Blog - Thursday 7th February 2019

Bar Speed – Velocity Based Training

Carl Bell


What is Velocity Based Training?

Velocity Based Training (VBT) uses technology such as wearable accelerometers or linear transducers to measure movement velocity during an exercise such as a Back Squat. This provides us with information regarding the speed of the concentric movement which enables the coach to provide specific feedback and prescribe accurate training intensities.

When designing a training programme there are many training variables that can be manipulated to elicit the development of a specific physical quality. These include, exercise type and order, intensity, volume, frequency, tempo and rest. It is generally acknowledged that exercise intensity or load is the most important stimulus related to changes in strength levels and is commonly identified with relative load (percentage of one-repetition maximum, the maximal weight an individual can lift for only one repetition with correct technique). This would require the coach to regularly test the individuals 1RM for each main exercise used in their program in order to prescribe relative training loads. This percentage-based approach to calculating intensity can be problematic when we consider the time constraints and injury risk when performing 1RM testing regularly, especially with novice athletes. This method also doesn’t take into consideration the day to day fluctuations in strength and readiness to train that are caused by normal biological variability, training related fatigue or lifestyle factors like sleep, stress and nutrition.

How does VBT solve this problem? As you can see from these force-velocity graphs, as the load gets heavier, the speed slows down, this also shows the physical qualities being trained when an athlete is lifting a particular percentage of their 1RM and the corresponding velocity. We know there is a relationship between velocity and percentage of 1RM, so instead of re-testing direct 1RM for each lift, we can measure the movement velocity of a sub-maximal lift which will tell us what percentage of their 1RM they are lifting.

If we are aiming to develop a client’s ‘max strength’ in the back squat, we may prescribe a load that is 90-100% of their 1RM, or a velocity between 0.35 – 0.75m/s using exercises such as Back Squat, Deadlifts and Bench Press. Likewise, if they wished to enhance the ‘speed-strength’ quality, we may prescribe a load relative to 30-40% of their 1RM or 1.0-1.5m/s and use exercises such as Barbell Jump Squat, Trap Bar Jump and Snatch.

What are the benefits of using VBT?

We can plot an individual’s load-velocity profile and predict their 1RM in a particular exercise in order to identify and target specific physical qualities that the individual needs to improve.

The technology used provides instantaneous feedback to the athletes as they can see what velocity they are hitting during each rep and push themselves harder to hit the desired velocity which can help encourage the athlete to attempt to express maximal effort during a lift. As coaches we can use the velocity data to direct more accurate feedback and yield consistency between sessions for greater adaptation.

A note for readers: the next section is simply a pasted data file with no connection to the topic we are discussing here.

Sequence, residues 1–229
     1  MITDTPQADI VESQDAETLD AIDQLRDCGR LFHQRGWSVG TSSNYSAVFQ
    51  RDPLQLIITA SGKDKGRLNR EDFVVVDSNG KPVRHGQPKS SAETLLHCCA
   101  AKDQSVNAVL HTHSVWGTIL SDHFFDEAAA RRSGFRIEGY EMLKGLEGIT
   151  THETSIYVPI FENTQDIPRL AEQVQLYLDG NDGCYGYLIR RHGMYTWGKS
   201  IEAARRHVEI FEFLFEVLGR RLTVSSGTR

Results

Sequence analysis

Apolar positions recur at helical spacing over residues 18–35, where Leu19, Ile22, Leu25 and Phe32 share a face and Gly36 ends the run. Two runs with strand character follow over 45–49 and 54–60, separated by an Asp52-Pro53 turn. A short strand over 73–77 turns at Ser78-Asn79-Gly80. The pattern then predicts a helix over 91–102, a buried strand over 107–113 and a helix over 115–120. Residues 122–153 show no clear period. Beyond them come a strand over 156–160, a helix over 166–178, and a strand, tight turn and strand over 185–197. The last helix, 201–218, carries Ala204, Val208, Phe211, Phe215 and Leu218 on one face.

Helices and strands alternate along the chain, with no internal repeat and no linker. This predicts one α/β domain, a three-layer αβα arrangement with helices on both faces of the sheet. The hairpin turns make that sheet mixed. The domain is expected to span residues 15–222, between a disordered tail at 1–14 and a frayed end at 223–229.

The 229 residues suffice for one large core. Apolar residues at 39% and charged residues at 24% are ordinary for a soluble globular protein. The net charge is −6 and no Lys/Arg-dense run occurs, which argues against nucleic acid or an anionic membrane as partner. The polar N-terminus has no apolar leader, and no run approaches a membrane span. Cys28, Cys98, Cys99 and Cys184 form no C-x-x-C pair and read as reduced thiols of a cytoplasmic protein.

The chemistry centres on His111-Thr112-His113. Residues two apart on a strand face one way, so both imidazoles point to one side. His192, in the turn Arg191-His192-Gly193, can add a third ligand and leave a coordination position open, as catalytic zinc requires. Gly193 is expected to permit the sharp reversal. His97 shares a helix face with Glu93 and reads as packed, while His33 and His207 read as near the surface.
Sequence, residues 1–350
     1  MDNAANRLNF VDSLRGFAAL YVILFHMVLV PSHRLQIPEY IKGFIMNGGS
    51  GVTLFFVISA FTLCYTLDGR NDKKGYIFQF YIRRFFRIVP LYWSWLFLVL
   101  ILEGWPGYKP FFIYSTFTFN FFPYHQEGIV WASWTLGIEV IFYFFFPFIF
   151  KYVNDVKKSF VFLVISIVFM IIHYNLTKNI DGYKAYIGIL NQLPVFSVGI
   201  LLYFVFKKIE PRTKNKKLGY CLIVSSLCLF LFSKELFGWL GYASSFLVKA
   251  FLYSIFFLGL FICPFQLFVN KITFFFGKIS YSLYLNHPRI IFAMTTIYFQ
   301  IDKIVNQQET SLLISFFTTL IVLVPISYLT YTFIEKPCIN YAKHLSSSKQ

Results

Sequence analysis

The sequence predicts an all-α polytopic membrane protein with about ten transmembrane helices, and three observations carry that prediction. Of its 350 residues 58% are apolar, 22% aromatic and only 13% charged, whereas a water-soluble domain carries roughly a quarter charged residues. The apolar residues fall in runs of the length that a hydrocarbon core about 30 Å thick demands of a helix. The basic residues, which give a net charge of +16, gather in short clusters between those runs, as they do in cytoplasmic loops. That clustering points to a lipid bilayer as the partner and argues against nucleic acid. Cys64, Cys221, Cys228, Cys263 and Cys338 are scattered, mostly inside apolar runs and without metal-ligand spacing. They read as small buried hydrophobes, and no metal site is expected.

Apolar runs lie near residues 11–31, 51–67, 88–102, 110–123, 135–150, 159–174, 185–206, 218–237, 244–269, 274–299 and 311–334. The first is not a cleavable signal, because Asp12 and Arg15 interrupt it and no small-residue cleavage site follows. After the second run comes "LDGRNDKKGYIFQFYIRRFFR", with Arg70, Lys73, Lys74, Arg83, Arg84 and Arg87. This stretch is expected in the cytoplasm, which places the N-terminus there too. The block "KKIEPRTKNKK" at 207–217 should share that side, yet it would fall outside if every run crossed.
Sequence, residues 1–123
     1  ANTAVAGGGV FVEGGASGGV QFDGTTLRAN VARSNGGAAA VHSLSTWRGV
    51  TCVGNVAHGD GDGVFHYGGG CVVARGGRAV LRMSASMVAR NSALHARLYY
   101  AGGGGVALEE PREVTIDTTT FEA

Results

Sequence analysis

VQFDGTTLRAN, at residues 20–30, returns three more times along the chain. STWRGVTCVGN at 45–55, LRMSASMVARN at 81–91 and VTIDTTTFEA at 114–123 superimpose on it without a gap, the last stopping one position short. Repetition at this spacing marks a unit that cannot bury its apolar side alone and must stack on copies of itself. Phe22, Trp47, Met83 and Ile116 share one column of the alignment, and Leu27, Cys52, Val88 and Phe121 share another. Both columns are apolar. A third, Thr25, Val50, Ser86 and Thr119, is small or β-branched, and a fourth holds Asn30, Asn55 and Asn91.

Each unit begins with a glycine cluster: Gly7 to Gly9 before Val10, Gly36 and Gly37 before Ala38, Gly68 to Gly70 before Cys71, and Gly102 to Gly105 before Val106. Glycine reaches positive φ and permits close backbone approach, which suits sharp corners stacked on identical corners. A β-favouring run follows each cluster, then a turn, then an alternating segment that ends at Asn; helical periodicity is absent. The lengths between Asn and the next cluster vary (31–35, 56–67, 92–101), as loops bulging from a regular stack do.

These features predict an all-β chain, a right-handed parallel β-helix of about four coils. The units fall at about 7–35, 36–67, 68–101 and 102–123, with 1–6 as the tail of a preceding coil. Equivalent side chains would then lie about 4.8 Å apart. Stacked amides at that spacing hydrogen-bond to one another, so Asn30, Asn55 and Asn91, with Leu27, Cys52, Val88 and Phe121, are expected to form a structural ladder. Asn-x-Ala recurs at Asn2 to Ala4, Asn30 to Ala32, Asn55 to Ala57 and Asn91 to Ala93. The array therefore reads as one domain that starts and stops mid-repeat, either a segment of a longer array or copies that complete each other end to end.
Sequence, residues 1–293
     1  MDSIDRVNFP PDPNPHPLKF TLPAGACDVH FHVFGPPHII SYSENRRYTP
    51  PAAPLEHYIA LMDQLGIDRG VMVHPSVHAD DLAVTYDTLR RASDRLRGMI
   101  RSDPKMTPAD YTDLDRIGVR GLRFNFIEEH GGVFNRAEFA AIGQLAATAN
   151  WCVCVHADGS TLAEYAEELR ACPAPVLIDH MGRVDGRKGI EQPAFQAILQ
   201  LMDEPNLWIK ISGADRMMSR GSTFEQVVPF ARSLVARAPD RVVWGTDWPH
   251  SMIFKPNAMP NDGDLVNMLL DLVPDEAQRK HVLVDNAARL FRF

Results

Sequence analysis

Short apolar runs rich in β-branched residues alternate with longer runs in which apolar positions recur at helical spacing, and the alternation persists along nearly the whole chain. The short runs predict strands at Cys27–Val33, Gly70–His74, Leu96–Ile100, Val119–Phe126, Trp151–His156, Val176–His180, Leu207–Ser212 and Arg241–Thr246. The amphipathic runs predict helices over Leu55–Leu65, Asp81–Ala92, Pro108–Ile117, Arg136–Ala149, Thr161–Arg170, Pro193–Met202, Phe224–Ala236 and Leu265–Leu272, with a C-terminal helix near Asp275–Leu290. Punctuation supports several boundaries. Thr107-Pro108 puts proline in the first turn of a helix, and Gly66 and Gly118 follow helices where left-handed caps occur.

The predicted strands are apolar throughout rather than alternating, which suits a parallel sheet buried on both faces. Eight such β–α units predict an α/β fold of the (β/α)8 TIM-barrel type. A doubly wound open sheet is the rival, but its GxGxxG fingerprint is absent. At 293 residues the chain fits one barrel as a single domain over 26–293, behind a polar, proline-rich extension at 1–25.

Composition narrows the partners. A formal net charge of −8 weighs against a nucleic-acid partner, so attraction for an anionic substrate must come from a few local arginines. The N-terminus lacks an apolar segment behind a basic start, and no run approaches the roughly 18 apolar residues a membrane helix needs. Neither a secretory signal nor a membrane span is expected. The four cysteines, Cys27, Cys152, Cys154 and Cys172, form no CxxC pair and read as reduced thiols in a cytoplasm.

We can autoregulate an individual’s program as we can take into account the daily fluctuations in strength, for example, many of our clients are long distance runners and they will feel ‘fresher’ if they haven’t run 10 miles the day before. So, if a client came in feeling tired and their 1RM is lower than what it was a few days ago, we can adjust the training loads (as the velocity will have decreased) in order to match their readiness to train. This ensures that we get the stimulus and hopefully the adaptation we were aiming for.

How do we use VBT at F.I.T.?

We attach the PUSH Band to either the bar or the body (around the forearm) depending on the exercise. Each client has their own profile set up on the PUSH Band software which is displayed live on a tablet. The athlete will be required to move the bar within a specific velocity range which will determine the load they should use for a specific set. If you exceed this velocity, we may add more load to the bar or take load off if you are below the desired velocity. We may also set a 15% cut off point in each set, for example, you may be prescribed 6 reps at 0.5m/s, your rep will flash up as red if your velocity drops below 15% of your best rep. Cut-off velocities are used to terminate a set when the mean concentric velocity of a repetition falls below that value. We use an intraset velocity loss of 15% of the best rep, this means that when an athlete’s repetition velocity drops by more than 15% in the back squat, the set should be terminated to prevent them performing unnecessary repetitions and without the hampering effects of fatigue on the desired adaptation. It’s important that the athlete performs each repetition with maximum possible acceleration and speed in the concentric phase as this will affect accuracy.

We may also use the PUSH Band to test your Reactive Strength Index (RSI) using the RSI Drop Jump Test and RSI Stiffness Test. RSI is a measure of how an athlete copes and performs during plyometric activities by measuring muscle-tendon stress and their reactive jump capacity. It demonstrates an athlete’s ability to rapidly change from an eccentric contraction into a concentric contraction (also known as the stretch-shortening cycle) and their explosive capabilities during dynamic jumping activities. These tests can also be used to measure neuromuscular fatigue from training and competition.

If you are interested in incorporating VBT within your training programme, speak with one of our coaches today.

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